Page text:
One of the themes that seems to have developed in this blog is my experience of things that parents of older children did not warn me about such as continuing disturbed sleep. I have, on balance, seemed to regard these as negative. However, one aspect of fatherhood that I have been surprised about is the cuddle. I had expected to be able to hold my new born and give them a cuddle, but I did not expect it to be the gift that just went on giving quite so much.

It is not just the act of cuddling that I really enjoy, it is also what it represents. It tells me that the boys trust me and enjoy, and find comfort in, a cuddle. This came to me last night when I was sitting in with Sam as he settled in bed. As you may know we now sit in with the boys until they go to sleep. Last night Jake was so tired that he voluntarily went to bed early, and Sam went on his own later. Every five minutes as I sat there Sam would get out of bed, come and sit on my lap and give me a quick cuddle and them go back into bed. It seemed to calm him down, and give him some reassurance that he could safely go to sleep.

The day nearly always starts with a cuddle too. No matter how undisturbed the night is, Jake always likes to come in and have a cuddle before he fully wakes up (Sam likes to do the same with Karen), and when either of them are not feeling well they like to come and sit with us and curl up. It is never nice to see the boys getting poorly, but at least we can do something for them by giving them comfort as they often seem so helpless when they are ill, and as a result we as parents can feel helpless too.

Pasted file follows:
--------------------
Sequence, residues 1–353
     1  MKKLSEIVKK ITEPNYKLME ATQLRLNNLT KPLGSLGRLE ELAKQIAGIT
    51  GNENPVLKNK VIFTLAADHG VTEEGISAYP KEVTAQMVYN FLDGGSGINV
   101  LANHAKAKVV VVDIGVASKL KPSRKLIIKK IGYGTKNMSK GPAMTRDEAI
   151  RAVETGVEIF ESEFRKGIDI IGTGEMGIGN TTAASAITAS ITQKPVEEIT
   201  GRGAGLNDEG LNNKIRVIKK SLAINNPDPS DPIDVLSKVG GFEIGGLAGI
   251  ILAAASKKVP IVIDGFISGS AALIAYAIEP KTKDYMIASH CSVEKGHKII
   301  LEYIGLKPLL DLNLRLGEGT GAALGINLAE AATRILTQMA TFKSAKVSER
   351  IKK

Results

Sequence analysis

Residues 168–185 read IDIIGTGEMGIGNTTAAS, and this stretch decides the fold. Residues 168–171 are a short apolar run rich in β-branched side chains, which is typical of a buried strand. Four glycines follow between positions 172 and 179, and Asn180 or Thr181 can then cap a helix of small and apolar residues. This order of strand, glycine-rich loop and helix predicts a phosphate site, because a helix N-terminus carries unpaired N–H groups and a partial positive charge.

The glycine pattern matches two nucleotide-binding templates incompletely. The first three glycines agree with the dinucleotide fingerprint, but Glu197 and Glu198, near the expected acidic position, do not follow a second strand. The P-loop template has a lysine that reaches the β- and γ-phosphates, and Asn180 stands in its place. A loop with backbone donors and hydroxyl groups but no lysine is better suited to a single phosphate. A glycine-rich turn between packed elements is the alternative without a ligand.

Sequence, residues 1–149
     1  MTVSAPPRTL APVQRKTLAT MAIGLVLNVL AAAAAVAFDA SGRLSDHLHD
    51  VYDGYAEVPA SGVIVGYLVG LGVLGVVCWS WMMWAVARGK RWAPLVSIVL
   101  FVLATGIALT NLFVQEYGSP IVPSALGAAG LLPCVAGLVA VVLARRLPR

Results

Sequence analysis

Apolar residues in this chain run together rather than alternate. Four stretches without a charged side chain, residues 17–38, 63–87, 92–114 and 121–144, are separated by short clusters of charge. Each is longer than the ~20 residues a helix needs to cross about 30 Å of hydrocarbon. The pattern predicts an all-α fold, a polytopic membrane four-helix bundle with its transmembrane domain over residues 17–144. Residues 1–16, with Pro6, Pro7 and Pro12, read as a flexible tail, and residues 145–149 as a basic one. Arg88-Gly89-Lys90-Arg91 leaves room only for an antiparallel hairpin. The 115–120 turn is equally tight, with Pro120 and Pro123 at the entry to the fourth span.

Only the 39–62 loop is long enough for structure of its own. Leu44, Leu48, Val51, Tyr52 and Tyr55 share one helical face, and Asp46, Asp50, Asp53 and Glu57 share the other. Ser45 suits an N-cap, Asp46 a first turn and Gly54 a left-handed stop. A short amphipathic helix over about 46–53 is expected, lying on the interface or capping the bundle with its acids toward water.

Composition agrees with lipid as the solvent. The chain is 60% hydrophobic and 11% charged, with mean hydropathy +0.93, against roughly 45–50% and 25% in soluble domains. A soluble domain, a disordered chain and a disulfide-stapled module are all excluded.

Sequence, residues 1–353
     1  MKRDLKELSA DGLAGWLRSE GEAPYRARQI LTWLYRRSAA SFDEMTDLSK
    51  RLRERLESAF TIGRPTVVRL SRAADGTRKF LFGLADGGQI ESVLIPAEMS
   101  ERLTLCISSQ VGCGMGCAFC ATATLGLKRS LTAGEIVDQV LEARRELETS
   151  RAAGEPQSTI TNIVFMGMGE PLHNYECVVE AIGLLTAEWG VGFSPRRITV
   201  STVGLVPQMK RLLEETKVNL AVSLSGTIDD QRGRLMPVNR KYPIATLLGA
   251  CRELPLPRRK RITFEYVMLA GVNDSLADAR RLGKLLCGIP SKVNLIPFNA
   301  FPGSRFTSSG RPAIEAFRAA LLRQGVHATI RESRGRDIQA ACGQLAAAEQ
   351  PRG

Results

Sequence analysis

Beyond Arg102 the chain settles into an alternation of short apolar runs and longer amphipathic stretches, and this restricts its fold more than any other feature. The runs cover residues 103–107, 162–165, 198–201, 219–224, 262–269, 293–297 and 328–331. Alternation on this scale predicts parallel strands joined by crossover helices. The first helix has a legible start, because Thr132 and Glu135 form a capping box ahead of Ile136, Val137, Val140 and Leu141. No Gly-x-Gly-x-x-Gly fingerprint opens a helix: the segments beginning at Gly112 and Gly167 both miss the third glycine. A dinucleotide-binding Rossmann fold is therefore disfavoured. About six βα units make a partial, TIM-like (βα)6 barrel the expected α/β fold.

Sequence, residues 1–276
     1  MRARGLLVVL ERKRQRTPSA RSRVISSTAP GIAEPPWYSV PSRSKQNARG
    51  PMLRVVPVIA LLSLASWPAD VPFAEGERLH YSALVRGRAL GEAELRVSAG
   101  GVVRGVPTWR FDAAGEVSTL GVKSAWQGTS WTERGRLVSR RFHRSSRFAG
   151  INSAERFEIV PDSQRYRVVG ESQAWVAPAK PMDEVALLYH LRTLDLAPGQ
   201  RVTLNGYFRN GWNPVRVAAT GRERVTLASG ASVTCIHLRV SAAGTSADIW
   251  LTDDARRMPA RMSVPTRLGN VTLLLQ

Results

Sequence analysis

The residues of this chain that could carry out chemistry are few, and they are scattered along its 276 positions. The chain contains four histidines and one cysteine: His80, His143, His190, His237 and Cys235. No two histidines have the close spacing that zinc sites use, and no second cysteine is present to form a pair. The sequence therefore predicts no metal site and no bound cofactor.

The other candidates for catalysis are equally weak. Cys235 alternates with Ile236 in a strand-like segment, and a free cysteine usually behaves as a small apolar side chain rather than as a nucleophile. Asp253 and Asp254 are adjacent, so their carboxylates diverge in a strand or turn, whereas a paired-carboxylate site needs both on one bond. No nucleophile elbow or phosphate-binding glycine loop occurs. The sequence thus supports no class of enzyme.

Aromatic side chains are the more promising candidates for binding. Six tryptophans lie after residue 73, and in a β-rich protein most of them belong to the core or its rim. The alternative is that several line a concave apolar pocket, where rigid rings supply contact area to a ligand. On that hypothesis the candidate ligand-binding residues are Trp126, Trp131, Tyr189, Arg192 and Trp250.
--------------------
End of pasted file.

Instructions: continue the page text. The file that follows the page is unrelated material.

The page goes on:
Then there is the three or four times a day that one or other of the boys falls over, walks into something, bites their tongue, pokes themselves in the eye, is tired, or one of them is suffering as a result of some fracas with the other. These are all situations where a cuddle is required, and again it is great to feel that I can do something for them at these times.

I feel privileged to be able to play this role for the boys, and sometimes I feel a little guilty that I am enjoying this perk when they are probably feeling vulnerable and wanting to get better as quickly as possible but, really, a good cuddle does help the healing process along, and helps them to forget their pain quite quickly.

I am under no illusion that eventually the cuddles will get fewer and farther between as the boys get older, and probably rightly so, but at the moment they are prevalent and I consider it one of the top perks of being a parent. Long live the cuddle.


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Reality nights

One of the first things people say to you when you announce that you are to become a parent is something along the lines of “well you better get your sleep in now”. This happens again just before the baby’s birth, and then you are constantly asked “are you getting much sleep” for months after the birth. So clearly it is a well established fact that babies equal lack of sleep. And while I know people whose children have pretty much slept through from birth no one escapes with their existing sleep pattern intact (no one who maintains any parental responsibility that is).